Zune looks to be 'relevant No. 2'

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Microsoft Corp. unveiled its Zune digital music player last week, hoping to grab some market share from Apple and its dominant iPod. Microsoft is positioning Zune as a "social" device, emphasizing that its users can share songs from one Zune to another. Responsible for the Zune project is Microsoft general manager of global marketing for entertainment Chris Stephenson, a former executive with MTV, House of Blues and other music entities. He recently spoke with The Hollywood Reporter West Coast business editor Paul Bond.

The Hollywood Reporter: You have said that Zune will change the category of digital music. How?

Chris Stephenson: Through wireless. The category is now connected.

THR: Why will consumers care?

Stephenson: We hear all the time from consumers that they want to get rid of wires. And new promotional mechanics around this are key for the industry.

THR: Do you have data that proves people want to share music wirelessly with each other through their Zune devices?

Stephenson: Really strong customer research. The whole idea of wireless is that we can constantly upgrade through updates. We'll add future wireless functionality and concepts through the wireless platform.

THR: Some music bought at Zune.net can be shared and some can't. Why are some labels balking at the concept of people sharing music with each other?

Stephenson: Generally, there's really positive support. The digital entertainment business is going through so many changes and different publishers and labels are in different stages of their thinking. Our objective is to have all labels and publishers on board.

THR: Can you share your plans for video?

Stephenson: We focused on music for the moment, so we didn't launch with video, but we are talking with Hollywood, and as soon as we have announcements we'll make them.

THR: Are people clamoring to watch video on tiny devices like Zune and iPod?

Stephenson: It's a great question. Our research so far indicates consumers are more interested in the cool stuff they find online, like podcasts, user-generated content, music videos. Shortform content is of great interest. Obviously there's a growing muddle around TV shows and, more recently, films. All of those categories are interesting to us and we'll be watching carefully over the next month as we formulate our long-term strategy around video.

THR: That being said, why can't I enjoy YouTube videos on a Zune yet?

Stephenson: You can't download YouTube videos. Anywhere you can download stuff directly to your computer, Zune will recognize it and import it straight away. The only things not available have protected digital rights management around it. If YouTube video were downloadable, that would be interesting. Clearly.

THR: What happened to the DJ mode I heard about, where several people with Zunes can listen to the same song simultaneously?

Stephenson: Like I said previously, the wireless platform allows us to add numerous features. DJ-ing is definitely a very exciting part of the roadmap.

THR: IPod has a 75% market share. How do you intend on breaking that near-monopoly?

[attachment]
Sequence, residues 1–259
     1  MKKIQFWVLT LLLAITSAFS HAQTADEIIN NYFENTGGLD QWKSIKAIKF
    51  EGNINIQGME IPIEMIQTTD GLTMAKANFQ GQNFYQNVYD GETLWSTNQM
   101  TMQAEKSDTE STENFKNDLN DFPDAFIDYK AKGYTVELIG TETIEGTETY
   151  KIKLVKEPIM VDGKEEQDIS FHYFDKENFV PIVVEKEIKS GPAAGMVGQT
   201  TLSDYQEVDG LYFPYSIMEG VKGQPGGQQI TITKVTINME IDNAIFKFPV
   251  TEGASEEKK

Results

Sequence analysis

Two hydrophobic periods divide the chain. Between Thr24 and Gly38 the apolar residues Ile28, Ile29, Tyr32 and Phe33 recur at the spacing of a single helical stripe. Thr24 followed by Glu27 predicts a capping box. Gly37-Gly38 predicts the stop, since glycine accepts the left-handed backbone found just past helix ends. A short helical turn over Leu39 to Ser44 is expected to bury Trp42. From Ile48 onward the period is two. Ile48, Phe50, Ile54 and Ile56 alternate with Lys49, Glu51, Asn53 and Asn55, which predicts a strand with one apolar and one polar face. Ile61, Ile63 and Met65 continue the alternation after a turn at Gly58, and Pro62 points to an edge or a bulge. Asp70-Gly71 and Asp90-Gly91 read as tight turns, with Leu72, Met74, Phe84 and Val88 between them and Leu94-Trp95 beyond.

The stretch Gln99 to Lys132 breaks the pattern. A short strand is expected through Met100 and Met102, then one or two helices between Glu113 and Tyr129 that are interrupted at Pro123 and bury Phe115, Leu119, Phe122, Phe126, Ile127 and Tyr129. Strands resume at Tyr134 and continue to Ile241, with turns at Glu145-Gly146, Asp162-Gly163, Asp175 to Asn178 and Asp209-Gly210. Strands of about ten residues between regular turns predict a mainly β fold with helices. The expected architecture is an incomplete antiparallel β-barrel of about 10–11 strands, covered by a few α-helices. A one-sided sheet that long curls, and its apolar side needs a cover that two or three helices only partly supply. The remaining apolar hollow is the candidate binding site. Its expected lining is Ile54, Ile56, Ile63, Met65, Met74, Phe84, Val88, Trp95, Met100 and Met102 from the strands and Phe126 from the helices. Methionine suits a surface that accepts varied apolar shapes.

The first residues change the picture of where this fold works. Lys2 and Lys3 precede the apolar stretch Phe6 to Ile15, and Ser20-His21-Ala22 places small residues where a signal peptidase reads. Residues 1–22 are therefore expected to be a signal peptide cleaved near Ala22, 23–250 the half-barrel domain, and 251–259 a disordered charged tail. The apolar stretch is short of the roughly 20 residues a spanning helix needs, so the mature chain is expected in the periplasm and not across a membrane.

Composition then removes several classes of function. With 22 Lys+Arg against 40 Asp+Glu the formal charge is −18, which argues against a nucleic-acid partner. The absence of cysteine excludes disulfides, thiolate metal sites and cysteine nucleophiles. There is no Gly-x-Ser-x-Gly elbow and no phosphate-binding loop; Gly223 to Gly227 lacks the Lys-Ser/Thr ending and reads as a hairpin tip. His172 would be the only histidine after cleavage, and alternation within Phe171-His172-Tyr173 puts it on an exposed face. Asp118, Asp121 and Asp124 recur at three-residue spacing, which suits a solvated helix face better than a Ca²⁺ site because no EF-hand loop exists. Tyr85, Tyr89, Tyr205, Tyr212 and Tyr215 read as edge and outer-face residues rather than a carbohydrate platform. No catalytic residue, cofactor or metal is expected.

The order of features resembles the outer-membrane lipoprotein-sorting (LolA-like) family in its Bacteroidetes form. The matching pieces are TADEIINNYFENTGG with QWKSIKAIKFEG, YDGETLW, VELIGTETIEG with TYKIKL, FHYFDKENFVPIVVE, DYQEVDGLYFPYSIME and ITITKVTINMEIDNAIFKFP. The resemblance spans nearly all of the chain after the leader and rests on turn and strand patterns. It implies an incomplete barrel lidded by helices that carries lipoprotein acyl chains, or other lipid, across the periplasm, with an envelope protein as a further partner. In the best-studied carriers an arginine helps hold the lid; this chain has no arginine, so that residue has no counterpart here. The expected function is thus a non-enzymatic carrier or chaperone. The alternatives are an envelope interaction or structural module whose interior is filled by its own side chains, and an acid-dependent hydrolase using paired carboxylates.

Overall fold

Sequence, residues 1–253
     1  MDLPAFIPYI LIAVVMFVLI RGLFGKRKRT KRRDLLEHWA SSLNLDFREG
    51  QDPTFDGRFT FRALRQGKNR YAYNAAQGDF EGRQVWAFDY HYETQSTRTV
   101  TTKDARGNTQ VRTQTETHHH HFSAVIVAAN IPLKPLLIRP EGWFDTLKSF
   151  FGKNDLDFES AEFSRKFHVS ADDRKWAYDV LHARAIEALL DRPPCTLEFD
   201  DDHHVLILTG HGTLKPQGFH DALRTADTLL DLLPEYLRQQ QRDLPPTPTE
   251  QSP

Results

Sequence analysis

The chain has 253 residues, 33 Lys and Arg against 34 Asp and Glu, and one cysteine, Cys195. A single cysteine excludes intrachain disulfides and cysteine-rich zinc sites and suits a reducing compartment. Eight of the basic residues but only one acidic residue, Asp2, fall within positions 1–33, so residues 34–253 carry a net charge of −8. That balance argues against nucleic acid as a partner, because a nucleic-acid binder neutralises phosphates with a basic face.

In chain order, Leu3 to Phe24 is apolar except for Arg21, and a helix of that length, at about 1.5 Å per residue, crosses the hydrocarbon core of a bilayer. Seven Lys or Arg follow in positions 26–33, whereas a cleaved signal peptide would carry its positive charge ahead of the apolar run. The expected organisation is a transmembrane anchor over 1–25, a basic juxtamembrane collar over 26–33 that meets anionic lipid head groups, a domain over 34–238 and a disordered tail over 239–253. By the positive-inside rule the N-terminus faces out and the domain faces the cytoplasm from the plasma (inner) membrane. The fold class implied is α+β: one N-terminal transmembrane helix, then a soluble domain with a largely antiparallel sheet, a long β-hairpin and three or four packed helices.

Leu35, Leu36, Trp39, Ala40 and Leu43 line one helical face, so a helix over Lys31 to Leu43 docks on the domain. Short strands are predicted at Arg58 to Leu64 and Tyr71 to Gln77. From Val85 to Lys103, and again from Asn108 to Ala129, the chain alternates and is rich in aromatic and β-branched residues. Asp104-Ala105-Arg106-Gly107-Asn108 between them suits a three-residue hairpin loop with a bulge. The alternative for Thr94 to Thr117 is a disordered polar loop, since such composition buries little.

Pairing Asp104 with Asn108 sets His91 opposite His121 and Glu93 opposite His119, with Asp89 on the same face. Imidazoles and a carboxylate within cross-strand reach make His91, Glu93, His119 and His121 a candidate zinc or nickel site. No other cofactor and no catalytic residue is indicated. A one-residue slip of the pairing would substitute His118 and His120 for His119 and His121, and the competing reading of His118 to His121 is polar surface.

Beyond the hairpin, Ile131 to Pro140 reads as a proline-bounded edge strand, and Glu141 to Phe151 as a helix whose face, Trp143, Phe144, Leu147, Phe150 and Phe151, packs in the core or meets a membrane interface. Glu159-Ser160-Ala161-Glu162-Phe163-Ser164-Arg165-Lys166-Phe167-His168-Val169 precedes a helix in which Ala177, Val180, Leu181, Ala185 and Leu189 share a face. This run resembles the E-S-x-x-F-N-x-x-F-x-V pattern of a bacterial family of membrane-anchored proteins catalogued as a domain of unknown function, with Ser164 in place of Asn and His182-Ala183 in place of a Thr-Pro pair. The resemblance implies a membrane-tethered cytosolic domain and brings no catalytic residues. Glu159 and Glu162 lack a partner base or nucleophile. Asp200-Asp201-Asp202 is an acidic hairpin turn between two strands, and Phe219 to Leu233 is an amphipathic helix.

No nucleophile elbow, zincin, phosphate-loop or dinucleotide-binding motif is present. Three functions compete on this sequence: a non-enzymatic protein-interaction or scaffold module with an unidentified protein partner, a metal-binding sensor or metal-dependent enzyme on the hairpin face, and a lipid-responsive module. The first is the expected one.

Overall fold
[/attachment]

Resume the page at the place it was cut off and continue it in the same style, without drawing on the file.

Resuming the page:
Stephenson: I think it's 78%, actually. The most important thing here is to be a relevant No. 2. It's absolutely what our goal is. IPod has created a tremendous market position. They've defined this market.

THR: You have also embraced the subscription-music model. What kind of data do you have suggesting people might want this?

Stephenson: We know from the people who have engaged in subscription services that there's a very high element of satisfaction. I think the reason subscription hasn't taken off is that, quite frankly, it hasn't been offered to people in a simple way that they really understand. Zune will be the most important subscription play so far.

THR: Any plans on making Zune a phone or a satellite radio?

Stephenson: Zune is a family of devices, no doubt about that, but we have nothing to announce around phones or satellite radio now. Digital, connected entertainment will evolve and who knows what devices it will be in the future.

THR: There's been a lot of speculation about Xbox playing a big part in Zune. Can you shed some light?

Stephenson: Xbox and Zune are brother and sister. Over time, there will be more integration. There's already the "point" system that lets Xbox and Zune users enjoy their services with one account.

THR: You're giving a portion of Zune device sales to Universal Music Group. Why just that label?

Stephenson: Not just that label. We've announced a deal with UMG, but we're offering similar relationships to the other major and independent labels. Our vision is pretty much that all artists get paid.

THR: If you're sharing so much revenue with so many parties, how does Microsoft make money from Zune sales?

Stephenson: We very carefully built our economic model and overall investment strategy for the long term. Clearly, it makes sense from our own revenue objectives.

THR: IPod is seen as cool and Microsoft as a stodgy, behemoth of a software company. How do you make Microsoft cool again?

Stephenson: We're building a brand with an individual personality. We were very successful with how we did that with Xbox. And, yours is an interesting comment, because if people know that something is backed by Microsoft, that gives it a solid strength. People know it won't go away. That it will grow and be supported aggressively and have the best software, hardware and value for money.
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